They need a voice track that is slightly more sophisticated than the slide, but simplified in a way that is mnemonic.

Finally, they need a success story. They have to be able to relate the customers experience back to a previous experience they had that was good for a similar customer. This is the essence of consultative selling: “I did this for customer X, you have the same problem and I can take care of it for you.” A discussion like that is a critical trust-building activity for a sales person.

You have to give them that success story. This doesn’t need to be a formal case study. It can be anonymous, it can be vague, it just has to be a single talking point in the salesperson’s dialogue. And it needs to sound real.

(Attached is a picture of the legendary Brian McBride, a man I idolized in high school, (although I knew him when he was ~19 years old, so maybe it is a stretch to call him a man in this context) (He also had much better hair at the time). He invented the “kritique”, a philosophical argument used by almost every high school debater in the country today to argue that discussing certain things in the context of debate is so offensive that it should cause him to lose (e.g. For a man to propose a policy to help women is to further repress women by enforcing the patriarchy.))

 

 

Product Management Roadmaps, Example and Discussion

Tuesday, February 26th, 2013

Plan Cannot Fail

When I google “Examples of Product Management Roadmaps”, the answers are all nonsense. This blog post is expected to serve as a better #1 result.

My most popular blog posts are the long-form posts where I explain to people how they should do things. In that vein, I am desiring to start a new series of posts on Product Management. My first post is intended to answer the following question: As a product manager, when someone asks me for a product roadmap, what should I give them?

First, as with virtually all of my blog posts, I have some caveats:

  • All of the businesses I like to join are growing at more than 30% YoY. That means that multi-year time horizons are ridiculous. 6 months is the firm plan, 1 year is the strategic plan, 2 years is the vision. Many people think a roadmap is 3-5 years. I am unsure what industry I will be working in 5 years from now. So I don’t do that.
  • Different people mean different things when they say roadmap. Sometimes they are asking you to lay out a market driven vision for the company. To me, that means something else – it is usually more closely related to the fund-raising deck. In this discussion, the best situational case is that a customer (internal or external) wants to “know where the product is going”. Telling them about market demand or customer research is only tangentially important – they want to know what you are doing for them and when, not so much why, except in-so-far as it justifies or de-justifies projects related to them.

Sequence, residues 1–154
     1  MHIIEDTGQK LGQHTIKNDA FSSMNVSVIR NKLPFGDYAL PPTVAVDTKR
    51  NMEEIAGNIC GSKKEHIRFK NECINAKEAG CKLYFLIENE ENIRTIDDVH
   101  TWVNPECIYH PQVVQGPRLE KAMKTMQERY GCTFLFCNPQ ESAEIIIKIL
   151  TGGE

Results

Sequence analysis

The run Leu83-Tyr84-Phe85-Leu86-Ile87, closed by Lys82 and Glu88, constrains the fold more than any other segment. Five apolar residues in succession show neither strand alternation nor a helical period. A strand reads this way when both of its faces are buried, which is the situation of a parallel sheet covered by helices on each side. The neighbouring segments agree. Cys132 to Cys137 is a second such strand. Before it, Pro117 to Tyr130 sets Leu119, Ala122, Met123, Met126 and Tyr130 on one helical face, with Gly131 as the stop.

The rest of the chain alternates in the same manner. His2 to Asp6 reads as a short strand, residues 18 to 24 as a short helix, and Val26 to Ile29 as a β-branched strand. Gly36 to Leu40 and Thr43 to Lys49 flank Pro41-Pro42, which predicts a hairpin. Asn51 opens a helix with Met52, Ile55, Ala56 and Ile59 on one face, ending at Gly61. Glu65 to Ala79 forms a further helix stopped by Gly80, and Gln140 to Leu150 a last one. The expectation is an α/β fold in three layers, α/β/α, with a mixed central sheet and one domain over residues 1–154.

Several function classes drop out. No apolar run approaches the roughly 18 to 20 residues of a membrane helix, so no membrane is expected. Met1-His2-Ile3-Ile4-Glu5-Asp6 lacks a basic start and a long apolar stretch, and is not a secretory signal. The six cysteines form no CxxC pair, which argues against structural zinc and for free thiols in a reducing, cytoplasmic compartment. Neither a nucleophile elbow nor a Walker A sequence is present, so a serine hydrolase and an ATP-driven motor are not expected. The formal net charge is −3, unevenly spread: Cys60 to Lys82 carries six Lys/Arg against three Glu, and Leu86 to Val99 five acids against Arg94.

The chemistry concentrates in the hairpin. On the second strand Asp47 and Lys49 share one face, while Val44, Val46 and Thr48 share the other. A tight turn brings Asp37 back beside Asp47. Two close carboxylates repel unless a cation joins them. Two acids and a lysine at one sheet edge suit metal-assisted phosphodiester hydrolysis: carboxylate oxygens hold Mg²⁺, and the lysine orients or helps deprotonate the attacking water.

• Of course, it is all software, generally enterprise. With consumers or non-software, your mileage may vary. Although it seems on-face relevant.

This is not a caveat in the same sense, but it is an important point: Product Roadmap decks for external customers are different than roadmaps for internal customers. Typically, I will lag product commitments externally by one quarter (The only things they are getting this quarter are things that are already code complete/in-testing/being rolled out). Also, you probably want to filter out roadmap activities that are not contextually appropriate for the client or are confidential.

Finally, the document I am sharing is based heavily (100%, basically) on Ian McAllister’s concept for Product Roadmaps on Quora. Frankly, my contribution is producing an actual reference deck.

So I have attached an example (fictional!) product roadmap for Cogmap to give you a sense of how I organize it.

Download an example product roadmap now!

This deck has both examples and comments in red. Plain red comments are straight commentary from Ian’s Quora post. Bold red comments are my additional opinions.

Powerpoint is the best format, of course, because it may need to be injected into other content.

This deck is also designed to be easy for me to refresh. This usually gets refreshed quarterly.

This is not the end-all, be-all of product roadmaps, but I want to improve the discourse in this area, so this is my contribution.